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Is there a name for what the Farrelly brothers do? Poker-faced genre pastiche, Helen Keller-joke snottiness, absurdist sentimentality, whatever: Although There's Something About Mary beautifully fused empathy and explosive gaggery, Me, Myself & Irene, Shallow Hal, and now Stuck on You have veered closer to vintage Surrealist narratives, often forfeiting guffaws for freaky juxtapositions and pushing their madcap concepts beyond humor and into an odd sort of metaphoric resonance. Stuck on You is a comedy about conjoined twins, played by the preposterously unidentical Matt Damon and Greg Kinnear, and saying it's a one-joke scenario is inadequate; Cronenberg's Dead Ringers may well be a funnier film. But there's a daft sweetness and inclusiveness at work that sustains the Farrelly movie long after the notion of attached brothers boxing or quarterbacking or manning a burger joint's kitchen fails to stir the chuckle meter.
Of course, conjoined twins (or Irene's schizophrenia, or Hal's misogyny and obesity-phobia) are not inherently funny. The Farrellys conscientiously mold socially loaded material into feel-good gadgets we want to take home, however horny, tactless, or vomit-flecked they may be. Zany as the movie is, laugh-getting is a secondary ambition. Old Warner Bros. cartoons were often unfunnythe Road Runner, Porky Pig, the skit-shorts surveying zoo animals or sports or booksbut their invention and high spirits still dazzle. The Farrellys toil in the same fun house, and Stuck comes off mostly as a tale, or mock-tale, or mock-mock-tale, of optimism, triumph, and (gulp) attachment.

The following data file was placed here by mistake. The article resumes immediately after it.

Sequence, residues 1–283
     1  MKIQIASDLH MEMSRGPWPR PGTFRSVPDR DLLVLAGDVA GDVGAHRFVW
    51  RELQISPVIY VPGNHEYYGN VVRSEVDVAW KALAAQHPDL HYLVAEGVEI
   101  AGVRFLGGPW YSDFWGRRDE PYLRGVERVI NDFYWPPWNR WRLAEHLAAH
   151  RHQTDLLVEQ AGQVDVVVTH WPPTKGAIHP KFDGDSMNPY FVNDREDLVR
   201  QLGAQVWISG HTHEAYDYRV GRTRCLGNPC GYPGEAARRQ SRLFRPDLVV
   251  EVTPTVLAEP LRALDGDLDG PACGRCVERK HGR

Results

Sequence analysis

At the outset, Bob and Walt Tenor are integral figures in their Martha's Vineyard village, and always have beenthe flashbacks include moments of athletic glory (they make an unbeatable hockey goalie) and the brothers' senior prom, where they were crowned twin kings. Native Rhode Islanders, the Farrellys adore warm, makeshift New England communitiesas do the Tenors, until ladies' man Walt (Kinnear) tries his hand at acting in Hollywood. Ensconced in a cheesy motel, the pair audition to disbelieving industry cretins and eventually meet Cher (Cher, as monstrous and synthetic as you'd imagine), who casts Walt (not Damon's bashful Bob) on a TV show she'd like to see crash and burn. Naturally, it's a hit, despite Bob's face constantly intruding into the frame besides Walt's.
The showbiz satire is low-boiling; Cher lambastes herself but still seems barely human, while Griffin Dunne, also as himself, registers sharply enough to initiate a mourning period for his abbreviated acting career. As an antiquated agent in a motorized wheelchair, Seymour Cassel scores easy birdies. But the central symbol of helpless adhesion holds. Every consideration of conjoinedness eventually leads to the charged idea of separation, and that's when Stuck on You becomes very nearly poetic. In fact, the final eighth's genuine hilarity derives its amperage from plain old brotherly love. (Old home movies are a sucker punch I take in the kidneys every time.) Damon and Kinnear are both pitch-perfect, inhabiting their ingenuous, codependent little universe together with the commitment of eight-year-old best friends. True to form, the Farrellys toss sophomoric spitballs at us, but nothing stems the rise of big-hearted generosity.
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